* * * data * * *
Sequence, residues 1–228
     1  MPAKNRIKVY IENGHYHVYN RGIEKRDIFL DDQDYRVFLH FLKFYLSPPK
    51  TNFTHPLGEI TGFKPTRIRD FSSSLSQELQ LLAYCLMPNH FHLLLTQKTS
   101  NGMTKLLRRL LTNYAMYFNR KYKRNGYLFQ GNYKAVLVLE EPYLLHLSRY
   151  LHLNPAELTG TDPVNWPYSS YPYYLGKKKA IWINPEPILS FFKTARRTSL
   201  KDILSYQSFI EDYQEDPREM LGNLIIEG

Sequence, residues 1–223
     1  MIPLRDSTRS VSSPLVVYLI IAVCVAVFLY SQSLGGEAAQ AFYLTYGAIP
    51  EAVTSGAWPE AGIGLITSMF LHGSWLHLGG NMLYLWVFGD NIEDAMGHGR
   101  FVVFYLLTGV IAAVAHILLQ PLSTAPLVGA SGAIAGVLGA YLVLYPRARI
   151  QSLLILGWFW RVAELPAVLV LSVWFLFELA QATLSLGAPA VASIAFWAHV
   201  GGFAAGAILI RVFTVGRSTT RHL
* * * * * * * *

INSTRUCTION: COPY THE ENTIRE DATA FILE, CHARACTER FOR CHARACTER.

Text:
Sequence, residues 1–228
     1  MPAKNRIKVY IENGHYHVYN RGIEKRDIFL DDQDYRVFLH FLKFYLSPPK
    51  TNFTHPLGEI TGFKPTRIRD FSSSLSQELQ LLAYCLMPNH FHLLLTQKTS
   101  NGMTKLLRRL LTNYAMYFNR KYKRNGYLFQ GNYKAVLVLE EPYLLHLSRY
   151  LHLNPAELTG TDPVNWPYSS YPYYLGKKKA IWINPEPILS FFKTARRTSL
   201  KDILSYQSFI EDYQEDPREM LGNLIIEG

Sequence, residues 1–223
     1  MIPLRDSTRS VSSPLVVYLI IAVCVAVFLY SQSLGGEAAQ AFYLTYGAIP
    51  EAVTSGAWPE AGIGLITSMF LHGSWLHLGG NMLYLWVFGD NIEDAMGHGR
   101  FVVFYLLTGV IAAVAHILLQ PLSTAPLVGA SGAIAGVLGA YLVLYPRARI
   151  QSLLILGWFW RVAELPAVLV LSVWFLFELA QATLSLGAPA VASIAFWAHV
   201  GGFAAGAILI RVFTVGRSTT RHL